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TPP: Unfair to American workers, consumers, and companies 

By Curt Clawson and Dr. Peter Morici
web posted October 12, 2015

Proponents of the 12-nation Trans-Pacific Partnership (TPP) agreement assert it will open new markets for U.S. goods and services, and help the American worker.  We conclude the opposite: It's a bad deal for America and should be rejected by Congress.

This deal benefits multinational corporations producing in Asia, and clearly helps the Asian workers at the expense of American jobs. Also, Americans will pay higher prices for some products.

Nike is a big TPP supporter, not because it will help the shoemaker create more jobs in America, but because its production in Asia will benefit, where it enjoys tax benefits and cheap, non-union labor. The Obama Administration says it opposes outsourcing; so this makes no sense at all.

The TPP hurts American competitiveness in a number of industries –automotive parts, metals, consumer electronics, software, light manufacturing, pharmaceuticals, tobacco, and others. Our world-leading service sector, including internet and credit card transactions, will suffer increased outsourcing to nations with lower wages and taxes.

All this because the U.S.  Executive Branch negotiators decided winners and losers – another example of crony capitalism, favoritism, and the corruptive power of the lobbyists.

Meanwhile, Congress was totally kept out-of-the loop, because of the TPA passed in June. Congressional members are now saying "we'll have to read the deal to see what's in it" (sound familiar?) – confirming that the TPP, like the Iran Deal, was done without consulting the elected representatives of "we-the-people." 

In pharmaceuticals, some noble goals are met.  The TPP will help reduce prices for medicines in rural areas of Asia – and assist the work of "Doctors without Borders." But some of this is at the expense of American Drug companies – and, by extension, American consumers.  

The Pharmaceutical Research Manufacturers of America (PhRMA) had sought 12-year protection of intellectual property on new innovations – to allow U.S. companies to maintain market exclusivity and fairly recoup R&D investments on genetically-engineered and next-generation biologic drugs. Instead, U.S. negotiators caved to pressure from TPP participants and those protections will expire in as little as 5 years. 

U.S. pharmaceutical companies will be forced to charge Americans higher prices to recoup R&D investments – placing heavy burdens on American senior citizens (higher priced Medicare prescription drugs) and on taxpayers (increased Medicaid subsidies). Millions of other Americans will be unable to afford the new prescription drugs.

U.S. tobacco companies also became losers, when U.S. negotiators caved and removed language that would have allowed them an "investor state dispute settlement" mechanism, by which to sue governments directly. Philip Morris International says the TPP "undermines the core principle of equality" in trade.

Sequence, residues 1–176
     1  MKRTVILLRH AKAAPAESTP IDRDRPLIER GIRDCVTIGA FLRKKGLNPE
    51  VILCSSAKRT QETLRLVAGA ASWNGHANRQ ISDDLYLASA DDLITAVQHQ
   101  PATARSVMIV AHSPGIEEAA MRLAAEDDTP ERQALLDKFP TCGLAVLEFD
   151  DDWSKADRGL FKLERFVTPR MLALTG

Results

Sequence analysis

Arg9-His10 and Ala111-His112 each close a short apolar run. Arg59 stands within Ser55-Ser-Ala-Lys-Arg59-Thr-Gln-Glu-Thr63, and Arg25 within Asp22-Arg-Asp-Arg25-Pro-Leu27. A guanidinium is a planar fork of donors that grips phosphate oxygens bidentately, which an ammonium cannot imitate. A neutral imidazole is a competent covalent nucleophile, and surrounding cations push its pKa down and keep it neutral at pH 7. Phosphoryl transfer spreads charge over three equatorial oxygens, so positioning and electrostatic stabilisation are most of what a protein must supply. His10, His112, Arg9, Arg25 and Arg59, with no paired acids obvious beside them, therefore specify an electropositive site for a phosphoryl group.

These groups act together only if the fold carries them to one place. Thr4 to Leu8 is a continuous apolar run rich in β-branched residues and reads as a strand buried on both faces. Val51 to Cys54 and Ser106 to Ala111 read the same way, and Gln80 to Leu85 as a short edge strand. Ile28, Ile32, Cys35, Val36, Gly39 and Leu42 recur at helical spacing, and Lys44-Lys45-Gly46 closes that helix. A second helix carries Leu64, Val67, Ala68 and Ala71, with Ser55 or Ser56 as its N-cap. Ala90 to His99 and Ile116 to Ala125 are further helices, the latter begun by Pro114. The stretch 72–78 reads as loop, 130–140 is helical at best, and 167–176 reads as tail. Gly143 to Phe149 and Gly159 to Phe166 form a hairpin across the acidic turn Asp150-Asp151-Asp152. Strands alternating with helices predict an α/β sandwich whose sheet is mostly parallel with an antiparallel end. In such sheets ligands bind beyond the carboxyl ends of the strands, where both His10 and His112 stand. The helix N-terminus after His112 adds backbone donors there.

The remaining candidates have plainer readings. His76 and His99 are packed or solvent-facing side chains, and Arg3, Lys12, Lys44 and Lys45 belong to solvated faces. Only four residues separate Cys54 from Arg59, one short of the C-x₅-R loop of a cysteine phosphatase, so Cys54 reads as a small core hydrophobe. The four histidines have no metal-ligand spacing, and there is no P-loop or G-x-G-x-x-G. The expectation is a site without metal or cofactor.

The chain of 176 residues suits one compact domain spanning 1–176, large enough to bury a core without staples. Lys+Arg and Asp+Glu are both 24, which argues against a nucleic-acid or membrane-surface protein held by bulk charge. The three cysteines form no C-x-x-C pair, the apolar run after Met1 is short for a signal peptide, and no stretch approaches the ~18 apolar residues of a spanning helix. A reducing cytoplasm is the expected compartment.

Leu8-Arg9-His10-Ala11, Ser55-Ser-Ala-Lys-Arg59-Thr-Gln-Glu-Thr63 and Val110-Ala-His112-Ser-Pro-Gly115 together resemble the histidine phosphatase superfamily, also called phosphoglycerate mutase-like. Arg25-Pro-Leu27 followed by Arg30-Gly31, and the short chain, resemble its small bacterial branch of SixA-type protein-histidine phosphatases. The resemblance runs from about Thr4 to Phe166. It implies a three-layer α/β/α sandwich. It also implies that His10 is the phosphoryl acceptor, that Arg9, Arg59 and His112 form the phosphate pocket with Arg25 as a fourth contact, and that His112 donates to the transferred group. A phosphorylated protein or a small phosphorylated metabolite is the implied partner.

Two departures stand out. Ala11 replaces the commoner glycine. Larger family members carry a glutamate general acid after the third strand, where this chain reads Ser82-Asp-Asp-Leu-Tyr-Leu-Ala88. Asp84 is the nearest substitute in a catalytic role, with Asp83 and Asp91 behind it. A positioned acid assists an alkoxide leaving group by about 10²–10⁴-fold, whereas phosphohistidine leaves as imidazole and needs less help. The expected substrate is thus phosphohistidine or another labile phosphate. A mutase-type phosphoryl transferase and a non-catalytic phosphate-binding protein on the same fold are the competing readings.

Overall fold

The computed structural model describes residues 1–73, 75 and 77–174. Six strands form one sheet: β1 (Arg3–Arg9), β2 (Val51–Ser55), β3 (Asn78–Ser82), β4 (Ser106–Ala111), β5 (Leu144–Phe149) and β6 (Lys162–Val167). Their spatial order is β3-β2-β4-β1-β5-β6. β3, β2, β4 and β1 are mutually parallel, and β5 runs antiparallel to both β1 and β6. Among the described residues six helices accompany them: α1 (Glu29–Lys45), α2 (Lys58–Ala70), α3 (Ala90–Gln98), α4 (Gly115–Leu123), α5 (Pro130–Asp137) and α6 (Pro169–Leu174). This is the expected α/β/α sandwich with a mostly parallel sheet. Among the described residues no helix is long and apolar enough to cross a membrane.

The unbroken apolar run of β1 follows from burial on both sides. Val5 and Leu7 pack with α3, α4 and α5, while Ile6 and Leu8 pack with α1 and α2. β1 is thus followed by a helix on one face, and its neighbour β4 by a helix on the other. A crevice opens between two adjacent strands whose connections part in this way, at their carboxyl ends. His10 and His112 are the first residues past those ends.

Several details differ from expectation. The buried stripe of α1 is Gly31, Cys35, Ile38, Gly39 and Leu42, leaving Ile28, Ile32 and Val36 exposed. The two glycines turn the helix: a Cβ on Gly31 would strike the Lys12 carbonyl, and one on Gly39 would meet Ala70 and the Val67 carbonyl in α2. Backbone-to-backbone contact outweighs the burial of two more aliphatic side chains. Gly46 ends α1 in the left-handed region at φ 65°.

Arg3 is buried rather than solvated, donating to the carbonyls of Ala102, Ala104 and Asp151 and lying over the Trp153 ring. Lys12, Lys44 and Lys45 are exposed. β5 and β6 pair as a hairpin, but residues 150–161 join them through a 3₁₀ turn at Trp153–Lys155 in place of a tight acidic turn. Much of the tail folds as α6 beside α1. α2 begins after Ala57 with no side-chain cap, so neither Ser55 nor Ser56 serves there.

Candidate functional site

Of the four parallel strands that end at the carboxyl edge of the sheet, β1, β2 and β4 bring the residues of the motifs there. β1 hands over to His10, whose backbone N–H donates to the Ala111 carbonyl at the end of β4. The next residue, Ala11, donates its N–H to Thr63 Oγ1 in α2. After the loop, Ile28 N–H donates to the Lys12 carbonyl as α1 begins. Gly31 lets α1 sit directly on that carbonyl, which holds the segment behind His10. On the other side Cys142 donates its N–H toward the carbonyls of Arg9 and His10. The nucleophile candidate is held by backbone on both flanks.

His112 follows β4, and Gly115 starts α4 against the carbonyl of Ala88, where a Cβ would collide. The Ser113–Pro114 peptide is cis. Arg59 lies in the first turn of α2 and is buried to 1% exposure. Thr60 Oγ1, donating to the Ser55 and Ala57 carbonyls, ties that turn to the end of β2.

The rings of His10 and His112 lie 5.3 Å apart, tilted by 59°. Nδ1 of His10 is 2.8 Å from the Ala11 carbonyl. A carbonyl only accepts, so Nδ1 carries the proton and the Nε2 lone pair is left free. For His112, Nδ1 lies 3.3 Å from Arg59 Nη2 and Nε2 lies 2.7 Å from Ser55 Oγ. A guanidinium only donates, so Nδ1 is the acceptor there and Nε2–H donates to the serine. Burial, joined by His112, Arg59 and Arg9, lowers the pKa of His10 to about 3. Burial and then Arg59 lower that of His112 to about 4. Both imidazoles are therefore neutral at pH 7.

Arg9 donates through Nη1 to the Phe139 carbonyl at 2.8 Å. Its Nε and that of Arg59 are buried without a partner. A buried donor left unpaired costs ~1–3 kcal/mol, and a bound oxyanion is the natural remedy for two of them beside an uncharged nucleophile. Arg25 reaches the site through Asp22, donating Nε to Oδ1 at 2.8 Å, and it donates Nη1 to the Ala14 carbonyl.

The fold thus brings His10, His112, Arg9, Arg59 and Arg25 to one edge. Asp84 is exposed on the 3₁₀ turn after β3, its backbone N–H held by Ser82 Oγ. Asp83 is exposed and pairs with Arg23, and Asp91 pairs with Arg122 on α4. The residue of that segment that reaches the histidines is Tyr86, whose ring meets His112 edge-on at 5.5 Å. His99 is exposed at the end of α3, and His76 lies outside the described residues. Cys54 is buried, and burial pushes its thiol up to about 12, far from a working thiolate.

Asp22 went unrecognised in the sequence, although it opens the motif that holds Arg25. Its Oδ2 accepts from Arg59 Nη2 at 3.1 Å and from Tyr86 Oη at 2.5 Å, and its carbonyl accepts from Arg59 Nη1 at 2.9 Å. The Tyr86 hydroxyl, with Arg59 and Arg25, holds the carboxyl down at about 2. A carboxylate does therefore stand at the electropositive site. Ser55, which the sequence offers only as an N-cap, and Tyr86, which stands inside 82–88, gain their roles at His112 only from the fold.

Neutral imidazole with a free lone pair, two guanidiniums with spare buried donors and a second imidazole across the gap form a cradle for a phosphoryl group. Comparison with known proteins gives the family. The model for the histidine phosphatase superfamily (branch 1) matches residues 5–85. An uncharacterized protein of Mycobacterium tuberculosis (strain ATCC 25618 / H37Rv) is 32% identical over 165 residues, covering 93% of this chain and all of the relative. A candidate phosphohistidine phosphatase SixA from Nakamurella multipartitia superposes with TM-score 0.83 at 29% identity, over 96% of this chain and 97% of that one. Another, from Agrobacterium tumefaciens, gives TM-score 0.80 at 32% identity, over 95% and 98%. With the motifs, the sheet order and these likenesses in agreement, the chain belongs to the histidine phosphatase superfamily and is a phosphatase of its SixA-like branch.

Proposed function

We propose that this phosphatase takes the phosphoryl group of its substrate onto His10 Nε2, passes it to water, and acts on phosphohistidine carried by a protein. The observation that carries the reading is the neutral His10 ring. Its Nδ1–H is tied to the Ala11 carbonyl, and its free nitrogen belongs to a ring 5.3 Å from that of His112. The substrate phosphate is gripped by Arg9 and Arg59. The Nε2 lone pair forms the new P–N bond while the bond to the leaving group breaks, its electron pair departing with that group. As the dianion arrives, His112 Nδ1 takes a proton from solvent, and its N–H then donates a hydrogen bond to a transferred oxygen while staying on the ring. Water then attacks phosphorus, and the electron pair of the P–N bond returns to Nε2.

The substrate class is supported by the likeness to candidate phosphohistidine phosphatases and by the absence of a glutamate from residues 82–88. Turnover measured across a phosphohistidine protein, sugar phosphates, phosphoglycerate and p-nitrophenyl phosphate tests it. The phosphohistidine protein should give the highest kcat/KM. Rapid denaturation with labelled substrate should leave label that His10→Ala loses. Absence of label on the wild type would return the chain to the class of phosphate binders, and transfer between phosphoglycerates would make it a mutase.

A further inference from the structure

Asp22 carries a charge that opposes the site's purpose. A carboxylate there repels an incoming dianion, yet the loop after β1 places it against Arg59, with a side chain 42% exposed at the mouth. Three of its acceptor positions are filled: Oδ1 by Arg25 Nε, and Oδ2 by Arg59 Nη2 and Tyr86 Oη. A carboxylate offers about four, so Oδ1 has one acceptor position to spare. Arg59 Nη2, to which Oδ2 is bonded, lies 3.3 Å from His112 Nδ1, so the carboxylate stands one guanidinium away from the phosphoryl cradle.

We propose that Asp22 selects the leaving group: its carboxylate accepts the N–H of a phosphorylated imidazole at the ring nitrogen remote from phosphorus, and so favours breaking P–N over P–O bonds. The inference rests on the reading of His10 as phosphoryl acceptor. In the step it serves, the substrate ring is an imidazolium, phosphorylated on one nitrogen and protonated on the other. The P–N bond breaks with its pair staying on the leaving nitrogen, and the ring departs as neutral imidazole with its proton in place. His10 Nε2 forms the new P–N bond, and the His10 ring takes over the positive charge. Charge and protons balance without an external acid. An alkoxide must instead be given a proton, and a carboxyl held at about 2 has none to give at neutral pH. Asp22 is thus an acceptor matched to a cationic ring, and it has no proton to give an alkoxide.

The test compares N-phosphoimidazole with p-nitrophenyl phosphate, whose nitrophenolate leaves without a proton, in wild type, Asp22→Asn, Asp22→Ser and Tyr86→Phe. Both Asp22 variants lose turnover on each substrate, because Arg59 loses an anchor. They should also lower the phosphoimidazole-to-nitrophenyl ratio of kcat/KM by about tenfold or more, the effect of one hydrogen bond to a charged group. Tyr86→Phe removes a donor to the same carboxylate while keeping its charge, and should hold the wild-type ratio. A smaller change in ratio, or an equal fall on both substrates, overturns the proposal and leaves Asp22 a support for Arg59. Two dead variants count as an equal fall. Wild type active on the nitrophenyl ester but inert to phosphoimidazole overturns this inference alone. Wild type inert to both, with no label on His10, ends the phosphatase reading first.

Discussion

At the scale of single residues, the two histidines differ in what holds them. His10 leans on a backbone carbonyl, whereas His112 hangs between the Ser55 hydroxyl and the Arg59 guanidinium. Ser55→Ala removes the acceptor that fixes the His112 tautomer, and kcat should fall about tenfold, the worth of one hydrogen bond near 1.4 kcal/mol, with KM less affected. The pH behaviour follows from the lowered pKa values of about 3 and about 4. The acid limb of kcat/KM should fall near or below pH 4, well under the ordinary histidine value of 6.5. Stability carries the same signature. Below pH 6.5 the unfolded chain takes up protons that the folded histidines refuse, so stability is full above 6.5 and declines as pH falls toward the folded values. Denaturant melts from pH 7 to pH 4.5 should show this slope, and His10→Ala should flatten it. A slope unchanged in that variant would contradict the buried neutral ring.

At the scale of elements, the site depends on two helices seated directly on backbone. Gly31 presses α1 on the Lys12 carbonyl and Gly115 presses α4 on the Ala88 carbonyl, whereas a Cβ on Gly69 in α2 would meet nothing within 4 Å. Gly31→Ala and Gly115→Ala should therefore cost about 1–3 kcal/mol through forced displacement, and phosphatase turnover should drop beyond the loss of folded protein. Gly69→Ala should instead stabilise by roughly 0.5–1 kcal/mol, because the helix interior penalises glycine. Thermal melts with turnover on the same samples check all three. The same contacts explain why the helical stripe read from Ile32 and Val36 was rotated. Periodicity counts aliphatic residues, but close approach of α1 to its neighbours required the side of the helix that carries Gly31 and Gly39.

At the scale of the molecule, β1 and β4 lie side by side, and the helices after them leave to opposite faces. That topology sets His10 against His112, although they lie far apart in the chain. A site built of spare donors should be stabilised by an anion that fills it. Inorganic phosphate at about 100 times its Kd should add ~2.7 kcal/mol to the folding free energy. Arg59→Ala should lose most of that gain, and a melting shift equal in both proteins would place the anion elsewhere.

Another problem is that 40% to 45% automotive domestic content requirements, to qualify for tariff free movement of automotive products, are significantly lower than the 60% to 62.5% under NAFTA.  This will move jobs out of the United States, Mexico, and Canada by permitting Japanese manufacturers to source more auto parts in China. 

In light manufacturing, TPP will add about $23 billion to America's trade deficit. This translates into a loss of about 180,000 direct jobs plus another 110,000 from lost spending by those workers.

Then there's the elephant in the room – currency manipulation – historically causing more American job losses than all other unfair trade practices combined. Devaluation, especially by China and Japan, has artificially reduced prices of Asian products, while artificially raising the export prices of U.S. products. This practice, which slams American competitiveness, has already killed at least 4 million U.S. jobs, many in our manufacturing sectors – hollowing out our middle class, as world class plants closed and world class workers were forced into lower-paying jobs or left unemployed.

With bipartisan support, both houses of Congress requested that the TPP include enforceable currency manipulation restrictions. Ford Motor Company and the UAW, not always aligned, also made strong appeals. Sadly, these pleas fell on deaf ears.

The omission of meaningful currency manipulation language signals to TPP participants, like Japan, Malaysia, and Singapore, that if they choose to continue this unfair, anti-competitive trade practice – they can do so without consequences.  China and South Korea, outside the TPP, are free to continue as well. The U.S. will be impotent in seeking any redress.

This sets a terrible precedent for the upcoming Trans-Atlantic Trade and Investment Partnership (TTIP) trade deal. Those European nations that manipulate their currencies for trade advantages will know that they too can continue this practice.

We have trade deficits not because our American workers are not competitive – but because of bad trade deals and the other guys cheating. The TPP does not represent free and fair trade. It's more like government-managed trade. If the goal was to hurt American competitiveness, we've achieved success. If the goal was to create more high-paying American jobs, we've failed. If the goal was to address China's ambitious march toward economic supremacy, we might as well sign articles of surrender tomorrow – along with the TPP.  ESR

Congressman Clawson has represented Florida's 19th Congressional District since 2014 and is the former CEO of Hayes Lemmerz International, an automotive wheel manufacturer. Professor Morici is an economist and business professor at the University of Maryland and a national columnist.

 

 

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